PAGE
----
In a Chapter 7, creditors can only be paid from your current assets – they do not have a right to be paid from your future income. However, in Chapter 7 the person filing for Chapter 7 protection can protect (“exempt” in bankruptcy lingo) their assets up to certain limits. In New Jersey and Pennsylvania these limits are generous and as a result, most people who file a Chapter 7 keep all of their assets, discharge their debts, and do not have to make payments to their creditors. A Chapter 7 discharge of debt typically takes place 100 to 120 days after the Chapter 7 case is filed.

In a Chapter 13, creditors are typically repaid only from the future income of the person who files (i.e. monthly payments). The money paid each month is paid to the Chapter 13 trustee and not to each individual creditor. A Chapter 13 case can last between 36 and 60 months.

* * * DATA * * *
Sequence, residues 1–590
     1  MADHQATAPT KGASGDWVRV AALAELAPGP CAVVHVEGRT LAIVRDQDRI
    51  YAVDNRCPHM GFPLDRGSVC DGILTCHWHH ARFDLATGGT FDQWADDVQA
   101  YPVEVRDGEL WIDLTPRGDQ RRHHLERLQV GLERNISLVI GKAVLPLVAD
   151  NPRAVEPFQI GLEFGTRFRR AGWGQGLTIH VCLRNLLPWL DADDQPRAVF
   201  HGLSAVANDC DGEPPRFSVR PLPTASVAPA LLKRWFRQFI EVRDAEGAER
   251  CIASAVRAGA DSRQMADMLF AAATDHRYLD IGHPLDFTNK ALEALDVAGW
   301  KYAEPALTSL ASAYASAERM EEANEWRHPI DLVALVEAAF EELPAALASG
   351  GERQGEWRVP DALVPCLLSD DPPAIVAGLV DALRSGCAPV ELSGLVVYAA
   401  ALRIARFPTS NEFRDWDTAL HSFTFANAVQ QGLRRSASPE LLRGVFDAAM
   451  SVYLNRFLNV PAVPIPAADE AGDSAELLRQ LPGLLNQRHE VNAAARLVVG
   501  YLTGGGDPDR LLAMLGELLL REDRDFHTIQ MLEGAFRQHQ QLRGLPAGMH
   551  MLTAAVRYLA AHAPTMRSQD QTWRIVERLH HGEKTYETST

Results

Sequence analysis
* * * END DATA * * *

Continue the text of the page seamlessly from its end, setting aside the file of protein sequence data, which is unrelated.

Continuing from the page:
There are two primary types of Chapter 13 cases, as determined by what the goal of the Chapter 13 case is. The first type of Chapter 13 case is a “cure and reinstate” plan, where the person filing for bankruptcy has fallen behind on mortgage payments, car payments, or IRS tax payments and needs to impose a repayment plan on their creditors. In these types of plans, the person filing for Chapter 13 makes a monthly payment to a Chapter 13 Trustee who channels this money to the appropriate creditor. Some of the money paid will also go to their other creditors such as credit card and medical creditors. At the end of the Chapter 13 case (which can be as short as 36 months or as long as 60 months), the unpaid amounts on remaining debts will be wiped out.